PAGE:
While solving this differential equation system I wanted to express a function in another way. I came up with the following integral:

$$\int \frac{dx}{\cos^2 x \cdot \left(\frac{1 + \sin x}{\cos x}\right)^\alpha}$$

How can I calculate it? We can assume $\alpha \ge 0$ if it's problematic to get a general solution.

  • $\begingroup$ for integer $\alpha$ i would say yes and for half integer values i would be optimistic. $\endgroup$ – tired Nov 4 '15 at 20:36
  • $\begingroup$ @tired: Actually, the integrand has a closed form antiderivative for all $\alpha$. :-$)$ $\endgroup$ – Lucian Nov 4 '15 at 20:39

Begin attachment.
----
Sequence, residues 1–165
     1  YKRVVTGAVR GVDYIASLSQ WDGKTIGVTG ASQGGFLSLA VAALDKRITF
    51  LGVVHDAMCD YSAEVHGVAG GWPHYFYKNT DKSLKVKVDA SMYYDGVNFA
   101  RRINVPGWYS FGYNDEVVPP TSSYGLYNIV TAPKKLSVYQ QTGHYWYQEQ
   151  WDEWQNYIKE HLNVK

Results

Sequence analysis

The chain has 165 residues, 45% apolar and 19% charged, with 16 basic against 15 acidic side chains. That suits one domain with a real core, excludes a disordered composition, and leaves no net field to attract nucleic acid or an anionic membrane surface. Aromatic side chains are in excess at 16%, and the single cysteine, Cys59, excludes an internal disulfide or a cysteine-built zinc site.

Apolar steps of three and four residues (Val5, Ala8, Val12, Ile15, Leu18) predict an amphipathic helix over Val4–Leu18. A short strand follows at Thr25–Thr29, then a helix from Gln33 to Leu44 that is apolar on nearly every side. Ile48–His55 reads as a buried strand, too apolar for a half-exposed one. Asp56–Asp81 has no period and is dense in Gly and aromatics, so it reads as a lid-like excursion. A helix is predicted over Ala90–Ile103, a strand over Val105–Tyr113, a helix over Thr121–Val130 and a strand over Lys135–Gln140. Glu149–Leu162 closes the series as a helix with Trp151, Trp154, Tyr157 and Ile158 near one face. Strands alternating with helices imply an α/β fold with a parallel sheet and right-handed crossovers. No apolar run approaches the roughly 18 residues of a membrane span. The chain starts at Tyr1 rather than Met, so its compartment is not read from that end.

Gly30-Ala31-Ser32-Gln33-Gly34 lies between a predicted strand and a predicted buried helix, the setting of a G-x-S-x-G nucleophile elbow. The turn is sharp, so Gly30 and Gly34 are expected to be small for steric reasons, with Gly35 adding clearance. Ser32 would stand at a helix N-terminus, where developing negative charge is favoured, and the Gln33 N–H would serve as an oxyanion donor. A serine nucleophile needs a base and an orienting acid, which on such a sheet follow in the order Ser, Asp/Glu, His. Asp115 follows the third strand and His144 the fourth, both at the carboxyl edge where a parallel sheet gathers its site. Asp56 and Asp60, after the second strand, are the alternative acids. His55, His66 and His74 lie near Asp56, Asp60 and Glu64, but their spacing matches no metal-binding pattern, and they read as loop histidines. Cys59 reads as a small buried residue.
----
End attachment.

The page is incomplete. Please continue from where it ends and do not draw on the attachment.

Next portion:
• $\begingroup$ @Lucian true i figured it out just 2 minutes ago, fascinating :) $\endgroup$ – tired Nov 4 '15 at 20:46

Rewrite the integral like this: $$I=\int\frac{\sec^2x}{(\sec x+\tan x)^{\alpha}}dx$$ Apply integration by parts: $$I=\frac{\tan x}{(\sec x+\tan x)^{\alpha}}-\int\frac{-\alpha\tan x}{(\sec x+\tan x)^{\alpha+1}}(\sec^2x+\sec x\tan x)dx$$ $$\implies I=\frac{\tan x}{(\sec x+\tan x)^{\alpha}}+\alpha\int\frac{\sec x\tan x}{(\sec x+\tan x)^{\alpha}}dx$$ Now do the same thing again: $$I=\frac{\tan x}{(\sec x+\tan x)^{\alpha}}+\alpha\left[\frac{\sec x}{(\sec x+\tan x)^{\alpha}}-\int \frac{-\alpha\sec x}{(\sec x+\tan x)^{\alpha}}(\sec^2x+\sec x\tan x)dx\right]$$ $$\implies I=\frac{\tan x}{(\sec x+\tan x)^{\alpha}}+\frac{\alpha\sec x}{(\sec x+\tan x)^{\alpha}}+\alpha^2\int\frac{\sec^2x}{(\sec x+\tan x)^{\alpha}}dx$$ Does that last integral look familiar?


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